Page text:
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Starting Right With eBay
by Tim Swike

Category: Business/General Nonfiction
Description: Chances are pretty good that you almost clicked away as soon as you say the word "eBay!" Be glad you hung in with us! This is definitely the last eBay Guide you will ever need. Shocking but true, the majority of marketers using eBay to create their online wealth rarely make enough money to cover their ad placement. You see, most of them have fallen prey to the enormous number of "get rich quick with eBay schemes" that are prevalent online. Most of these cite outrageous claims telling you that all you need to do is list your item on eBay and people will flock to your offer throwing you fists full of money. Ridiculous? Yes, but still, many people want so badly to believe that they jump at anything! All these outlandish claims do is sour the pot for legitimate eBay marketers. Yes, there is still money to be made using the eBay model. What's important, however, is that you need to know the right way to get started! "Starting Right with eBay" cuts straight through all the hype and ridiculous claims and earns the right to be a "coveted" online publication. Tim Swike gets right to the point in easy to understand language and blows away all the mystique leaving you with nothing but great ideas that you can put to work immediately!
eBook Publisher: MH Publishing, 2007
eBookwise Release Date: August 2008

eBookeBook

Available eBook Formats: OEBFF Format (IMP) [91 KB]
Words: 19547
Reading time: 55-78 min.


eBay: The Beginning

Yes, you read that correctly: Ten years. eBay was created in September 1995, by a man called Pierre Omidyar, who was living in San Jose.

He wanted his site--then called 'AuctionWeb'--to be an online marketplace, and wrote the first code for it in one weekend.

It was one of the first websites of its kind in the world. The name 'eBay' comes from the domain Omidyar used for his site. His company's name was Echo Bay, and the 'eBay AuctionWeb' was originally just one part of Echo Bay's website at ebay.com. The first thing ever sold on the site was Omidyar's broken laser pointer, which he got $14 for.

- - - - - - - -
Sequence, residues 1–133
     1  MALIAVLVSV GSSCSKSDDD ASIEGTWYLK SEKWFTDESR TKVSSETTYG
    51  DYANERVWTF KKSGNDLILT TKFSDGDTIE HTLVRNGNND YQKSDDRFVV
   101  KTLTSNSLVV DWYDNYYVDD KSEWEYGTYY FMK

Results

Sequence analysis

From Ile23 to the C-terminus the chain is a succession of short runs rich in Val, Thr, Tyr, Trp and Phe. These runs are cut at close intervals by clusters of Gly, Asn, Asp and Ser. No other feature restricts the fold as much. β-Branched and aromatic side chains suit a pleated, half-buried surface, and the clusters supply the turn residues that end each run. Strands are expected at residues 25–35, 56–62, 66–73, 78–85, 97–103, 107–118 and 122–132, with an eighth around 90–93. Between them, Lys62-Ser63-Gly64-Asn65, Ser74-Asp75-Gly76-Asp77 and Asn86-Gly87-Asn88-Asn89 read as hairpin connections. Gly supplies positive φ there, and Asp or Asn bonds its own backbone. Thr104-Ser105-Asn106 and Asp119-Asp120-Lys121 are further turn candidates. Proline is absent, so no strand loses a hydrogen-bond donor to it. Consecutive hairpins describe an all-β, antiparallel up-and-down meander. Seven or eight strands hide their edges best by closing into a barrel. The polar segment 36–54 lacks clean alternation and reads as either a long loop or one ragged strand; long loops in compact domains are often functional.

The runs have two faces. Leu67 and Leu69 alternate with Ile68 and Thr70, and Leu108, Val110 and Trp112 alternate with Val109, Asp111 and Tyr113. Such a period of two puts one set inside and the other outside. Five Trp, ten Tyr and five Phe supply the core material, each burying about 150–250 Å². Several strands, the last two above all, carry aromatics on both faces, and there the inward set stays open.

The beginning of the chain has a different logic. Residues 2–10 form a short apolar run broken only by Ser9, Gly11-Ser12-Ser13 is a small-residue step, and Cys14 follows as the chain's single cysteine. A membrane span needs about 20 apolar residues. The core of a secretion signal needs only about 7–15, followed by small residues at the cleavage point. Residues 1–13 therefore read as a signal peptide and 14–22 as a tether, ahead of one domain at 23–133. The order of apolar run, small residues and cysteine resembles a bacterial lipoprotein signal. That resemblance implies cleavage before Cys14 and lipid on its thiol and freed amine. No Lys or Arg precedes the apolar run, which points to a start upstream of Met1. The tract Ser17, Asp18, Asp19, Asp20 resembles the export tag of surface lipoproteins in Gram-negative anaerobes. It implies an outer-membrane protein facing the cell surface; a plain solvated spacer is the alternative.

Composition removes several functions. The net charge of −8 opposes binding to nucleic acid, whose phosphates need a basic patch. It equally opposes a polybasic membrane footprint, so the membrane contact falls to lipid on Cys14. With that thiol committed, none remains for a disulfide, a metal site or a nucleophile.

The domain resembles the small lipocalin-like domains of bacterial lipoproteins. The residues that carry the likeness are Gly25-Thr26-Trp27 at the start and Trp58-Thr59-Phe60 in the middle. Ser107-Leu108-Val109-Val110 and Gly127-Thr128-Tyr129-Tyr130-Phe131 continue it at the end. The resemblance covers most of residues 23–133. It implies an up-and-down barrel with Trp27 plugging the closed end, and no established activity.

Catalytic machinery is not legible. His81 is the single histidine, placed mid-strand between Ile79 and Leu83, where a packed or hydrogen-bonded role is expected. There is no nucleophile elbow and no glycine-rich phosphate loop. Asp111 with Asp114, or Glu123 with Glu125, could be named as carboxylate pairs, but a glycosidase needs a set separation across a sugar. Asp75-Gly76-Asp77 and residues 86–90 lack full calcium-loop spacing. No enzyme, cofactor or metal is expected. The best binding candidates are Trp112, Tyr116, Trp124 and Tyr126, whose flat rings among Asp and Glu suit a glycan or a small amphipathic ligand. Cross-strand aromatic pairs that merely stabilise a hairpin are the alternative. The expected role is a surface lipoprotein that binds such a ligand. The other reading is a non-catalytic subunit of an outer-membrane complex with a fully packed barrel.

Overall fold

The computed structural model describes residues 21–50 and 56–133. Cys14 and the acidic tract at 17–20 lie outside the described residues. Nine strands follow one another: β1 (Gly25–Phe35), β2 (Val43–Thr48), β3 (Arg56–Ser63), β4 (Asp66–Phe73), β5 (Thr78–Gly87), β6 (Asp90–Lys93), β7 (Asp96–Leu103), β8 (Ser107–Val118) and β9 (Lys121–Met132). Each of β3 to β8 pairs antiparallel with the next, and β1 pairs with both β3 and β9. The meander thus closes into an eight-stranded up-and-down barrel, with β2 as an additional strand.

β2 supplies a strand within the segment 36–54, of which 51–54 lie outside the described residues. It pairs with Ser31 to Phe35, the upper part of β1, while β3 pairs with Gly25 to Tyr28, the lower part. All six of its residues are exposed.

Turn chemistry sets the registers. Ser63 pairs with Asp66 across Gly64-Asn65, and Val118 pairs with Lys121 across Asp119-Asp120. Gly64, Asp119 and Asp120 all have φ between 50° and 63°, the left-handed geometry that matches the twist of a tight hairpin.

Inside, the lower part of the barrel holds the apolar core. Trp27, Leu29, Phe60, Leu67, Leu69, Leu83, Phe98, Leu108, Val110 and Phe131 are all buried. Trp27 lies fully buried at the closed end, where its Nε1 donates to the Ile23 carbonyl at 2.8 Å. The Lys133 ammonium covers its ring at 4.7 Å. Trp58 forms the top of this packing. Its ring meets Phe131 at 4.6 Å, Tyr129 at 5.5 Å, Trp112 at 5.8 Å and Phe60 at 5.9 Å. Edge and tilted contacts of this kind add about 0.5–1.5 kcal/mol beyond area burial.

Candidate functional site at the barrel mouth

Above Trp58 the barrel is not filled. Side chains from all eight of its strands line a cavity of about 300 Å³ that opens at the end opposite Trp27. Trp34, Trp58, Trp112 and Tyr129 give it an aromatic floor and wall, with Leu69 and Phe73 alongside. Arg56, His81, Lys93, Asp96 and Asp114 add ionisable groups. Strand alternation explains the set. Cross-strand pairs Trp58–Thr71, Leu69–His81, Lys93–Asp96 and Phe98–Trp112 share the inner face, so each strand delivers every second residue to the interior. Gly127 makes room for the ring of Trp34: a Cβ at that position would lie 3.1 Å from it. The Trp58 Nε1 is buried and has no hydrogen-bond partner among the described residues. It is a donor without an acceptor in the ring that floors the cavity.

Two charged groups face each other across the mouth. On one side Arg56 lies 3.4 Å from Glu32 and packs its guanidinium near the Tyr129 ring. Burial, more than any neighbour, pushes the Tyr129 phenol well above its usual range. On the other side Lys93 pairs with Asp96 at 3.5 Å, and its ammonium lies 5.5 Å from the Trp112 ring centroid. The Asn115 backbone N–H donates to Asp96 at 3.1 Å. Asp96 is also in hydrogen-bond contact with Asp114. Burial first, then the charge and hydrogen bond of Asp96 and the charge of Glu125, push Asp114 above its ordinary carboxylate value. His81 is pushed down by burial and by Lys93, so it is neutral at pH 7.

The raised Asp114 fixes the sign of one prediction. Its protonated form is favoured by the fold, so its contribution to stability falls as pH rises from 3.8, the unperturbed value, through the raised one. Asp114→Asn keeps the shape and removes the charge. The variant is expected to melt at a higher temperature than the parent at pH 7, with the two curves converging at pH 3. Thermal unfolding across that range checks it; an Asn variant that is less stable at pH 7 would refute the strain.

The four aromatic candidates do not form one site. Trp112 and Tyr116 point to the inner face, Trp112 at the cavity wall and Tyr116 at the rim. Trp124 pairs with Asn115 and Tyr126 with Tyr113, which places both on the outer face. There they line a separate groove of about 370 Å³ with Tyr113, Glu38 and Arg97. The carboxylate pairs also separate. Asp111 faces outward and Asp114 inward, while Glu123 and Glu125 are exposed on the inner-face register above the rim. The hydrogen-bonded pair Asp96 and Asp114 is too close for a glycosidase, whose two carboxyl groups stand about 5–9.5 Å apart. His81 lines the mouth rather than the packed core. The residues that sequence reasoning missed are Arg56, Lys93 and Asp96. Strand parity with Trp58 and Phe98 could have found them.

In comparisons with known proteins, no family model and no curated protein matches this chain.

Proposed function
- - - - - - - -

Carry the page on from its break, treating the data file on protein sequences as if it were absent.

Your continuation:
The site quickly became massively popular, as sellers came to list all sorts of odd things and buyers actually bought them. Relying on trust seemed to work remarkably well, and meant that the site could almost be left alone to run itself. The site had been designed from the start to collect a small fee on each sale, and it was this money that Omidyar used to pay for AuctionWeb's expansion. The fees quickly added up to more than his current salary, and so he decided to quit his job and work on the site full-time.

It was at this point, in 1996, that he added the feedback facilities, to let buyers and sellers rate each other and make buying and selling safer.

In 1997, Omidyar changed AuctionWeb's--and his company's--name to 'eBay', which is what people had been calling the site for a long time. He began to spend a lot of money on advertising, and had the eBay logo designed. It was in this year that the one-millionth item was sold (it was a toy version of Big Bird from Sesame Street).

Then, in 1998--the peak of the dotcom boom--eBay became big business, and the investment in Internet businesses at the time allowed it to bring in senior managers and business strategists, who took it public on the stock market.

It started to encourage people to sell more than just collectibles, and quickly became a massive site where you could sell anything, large or small. Unlike other sites, though, eBay survived the end of the boom, and is still going strong today.